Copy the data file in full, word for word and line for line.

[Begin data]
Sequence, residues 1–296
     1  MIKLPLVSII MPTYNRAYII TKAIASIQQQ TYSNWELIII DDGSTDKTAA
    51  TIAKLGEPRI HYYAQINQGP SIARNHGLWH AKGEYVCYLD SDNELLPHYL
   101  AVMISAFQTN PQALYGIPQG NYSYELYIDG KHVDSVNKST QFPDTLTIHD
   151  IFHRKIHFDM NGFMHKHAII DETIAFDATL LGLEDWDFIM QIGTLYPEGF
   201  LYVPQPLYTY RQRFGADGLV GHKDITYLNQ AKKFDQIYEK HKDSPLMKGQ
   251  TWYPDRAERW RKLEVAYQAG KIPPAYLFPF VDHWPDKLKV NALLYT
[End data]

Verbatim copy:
Sequence, residues 1–296
     1  MIKLPLVSII MPTYNRAYII TKAIASIQQQ TYSNWELIII DDGSTDKTAA
    51  TIAKLGEPRI HYYAQINQGP SIARNHGLWH AKGEYVCYLD SDNELLPHYL
   101  AVMISAFQTN PQALYGIPQG NYSYELYIDG KHVDSVNKST QFPDTLTIHD
   151  IFHRKIHFDM NGFMHKHAII DETIAFDATL LGLEDWDFIM QIGTLYPEGF
   201  LYVPQPLYTY RQRFGADGLV GHKDITYLNQ AKKFDQIYEK HKDSPLMKGQ
   251  TWYPDRAERW RKLEVAYQAG KIPPAYLFPF VDHWPDKLKV NALLYT